• Mr Girish Jhunjhnuwala, Founder of Ovolo Group
  • Mr Michael Chan, COO of Equal Opportunities Commission
  • Dr Theresa Cunanan
  • Dr Naubahar Sharif
  • Ms Anita Gidumal

Alongside leaders of ethnic minority groups, consular representatives of many countries took part. Consul Generals included Pakistan’s CG Ghufran Memon, the UK’s CG Caroline Wilson, Canada’s Shalini Anand, and more. The Philippines consulate took a whole table. Other Consulates represented included Thailand, Nepal, the US, Canada, Western Samoa. The Deputy Honorary Consul General of the Maldives was one of the List members: Vijay Harilela.

In addition to Ms Lam, various political movers in attendance included District Councillor Paul Zimmerman, former senior civil servant Rachel Cartland and a number of members of the LGBTI community.

“With today’s launch of the Diversity List, I am sure more capable ethnic minority individuals will be appointed to our advisory and statutory bodies, thereby enabling us to consider policies and make decisions with the perspectives of ethnic minority community in mind,” the Chief Secretary said. She even asked for 13 more copies of the list so that she can share them with her Principal Official colleagues involved in making recommendations for advisory bodies.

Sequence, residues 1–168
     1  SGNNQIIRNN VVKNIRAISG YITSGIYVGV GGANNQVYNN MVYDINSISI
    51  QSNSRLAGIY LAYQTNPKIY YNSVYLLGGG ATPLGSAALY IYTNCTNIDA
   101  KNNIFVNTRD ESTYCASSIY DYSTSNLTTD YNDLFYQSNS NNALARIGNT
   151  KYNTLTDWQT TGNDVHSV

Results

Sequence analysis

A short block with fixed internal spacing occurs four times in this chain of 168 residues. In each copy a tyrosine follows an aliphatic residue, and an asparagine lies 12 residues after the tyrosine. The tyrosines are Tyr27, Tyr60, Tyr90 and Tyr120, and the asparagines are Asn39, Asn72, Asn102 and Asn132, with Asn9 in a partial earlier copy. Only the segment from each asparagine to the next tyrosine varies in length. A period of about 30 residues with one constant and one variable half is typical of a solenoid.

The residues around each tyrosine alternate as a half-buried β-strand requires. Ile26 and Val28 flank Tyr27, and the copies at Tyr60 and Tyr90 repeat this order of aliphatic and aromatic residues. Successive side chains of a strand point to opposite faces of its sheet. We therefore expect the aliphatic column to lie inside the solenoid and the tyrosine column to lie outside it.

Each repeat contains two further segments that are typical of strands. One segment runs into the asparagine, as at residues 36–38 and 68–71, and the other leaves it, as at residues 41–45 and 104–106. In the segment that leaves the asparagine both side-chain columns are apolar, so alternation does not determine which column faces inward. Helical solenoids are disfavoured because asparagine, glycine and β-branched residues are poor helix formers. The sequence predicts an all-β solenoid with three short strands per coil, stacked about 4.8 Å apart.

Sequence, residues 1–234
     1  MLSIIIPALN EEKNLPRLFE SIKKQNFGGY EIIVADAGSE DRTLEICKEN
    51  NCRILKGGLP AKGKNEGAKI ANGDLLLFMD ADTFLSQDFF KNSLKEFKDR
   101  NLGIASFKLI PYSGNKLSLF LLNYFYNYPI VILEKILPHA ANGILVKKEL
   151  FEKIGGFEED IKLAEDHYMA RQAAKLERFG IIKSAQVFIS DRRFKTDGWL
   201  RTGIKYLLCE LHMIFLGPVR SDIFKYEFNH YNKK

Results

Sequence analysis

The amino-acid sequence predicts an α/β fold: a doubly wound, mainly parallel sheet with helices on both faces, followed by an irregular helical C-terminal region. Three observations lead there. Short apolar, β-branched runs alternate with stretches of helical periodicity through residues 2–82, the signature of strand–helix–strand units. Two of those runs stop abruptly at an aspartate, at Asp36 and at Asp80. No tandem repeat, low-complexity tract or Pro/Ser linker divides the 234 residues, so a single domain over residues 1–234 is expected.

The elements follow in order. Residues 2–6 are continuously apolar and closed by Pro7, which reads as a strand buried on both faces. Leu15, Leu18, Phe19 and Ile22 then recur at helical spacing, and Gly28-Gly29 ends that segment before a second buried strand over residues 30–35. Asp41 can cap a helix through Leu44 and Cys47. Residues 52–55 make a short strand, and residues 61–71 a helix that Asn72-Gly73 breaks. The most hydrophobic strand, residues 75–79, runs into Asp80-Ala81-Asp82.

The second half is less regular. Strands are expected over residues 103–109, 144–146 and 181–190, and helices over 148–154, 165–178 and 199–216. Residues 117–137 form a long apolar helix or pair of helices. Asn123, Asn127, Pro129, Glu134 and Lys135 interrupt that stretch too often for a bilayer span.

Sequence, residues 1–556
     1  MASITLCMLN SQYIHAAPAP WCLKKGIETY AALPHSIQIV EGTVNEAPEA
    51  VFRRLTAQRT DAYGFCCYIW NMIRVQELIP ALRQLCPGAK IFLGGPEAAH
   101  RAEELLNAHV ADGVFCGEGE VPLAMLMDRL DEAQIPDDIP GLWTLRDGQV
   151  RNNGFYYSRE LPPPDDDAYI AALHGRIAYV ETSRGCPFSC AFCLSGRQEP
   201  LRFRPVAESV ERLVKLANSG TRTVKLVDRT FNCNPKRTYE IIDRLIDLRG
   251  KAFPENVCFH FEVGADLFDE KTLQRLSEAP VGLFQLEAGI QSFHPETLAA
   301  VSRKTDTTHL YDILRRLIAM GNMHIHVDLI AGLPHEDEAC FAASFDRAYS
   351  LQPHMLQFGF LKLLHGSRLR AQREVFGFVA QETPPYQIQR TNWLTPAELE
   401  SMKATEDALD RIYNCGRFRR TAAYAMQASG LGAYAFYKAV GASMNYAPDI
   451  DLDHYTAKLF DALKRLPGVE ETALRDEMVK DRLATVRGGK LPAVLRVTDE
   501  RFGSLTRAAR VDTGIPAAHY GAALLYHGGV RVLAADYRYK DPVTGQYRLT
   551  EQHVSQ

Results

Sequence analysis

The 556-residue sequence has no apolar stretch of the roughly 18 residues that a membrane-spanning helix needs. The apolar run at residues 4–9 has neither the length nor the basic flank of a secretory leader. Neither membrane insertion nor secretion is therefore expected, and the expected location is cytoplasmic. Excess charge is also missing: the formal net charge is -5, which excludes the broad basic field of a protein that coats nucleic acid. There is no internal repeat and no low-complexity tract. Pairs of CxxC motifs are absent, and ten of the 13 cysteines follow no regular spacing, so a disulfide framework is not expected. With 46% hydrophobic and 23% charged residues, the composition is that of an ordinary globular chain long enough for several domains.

In her concluding note after the panel discussion, Ms Mahtani said nomination for the 2017 Diversity List will commence on September 1 and ends on December 31. She also said the foundation will focus on engaging youth to embark a project on Hong Kong identity, calling for a need to change to use of the term ‘ethnic minority’.

The message is clear – the ethnic minority community has made its move, and it is the government’s turn to prove that minority voices are being respected and reflected within the establishment.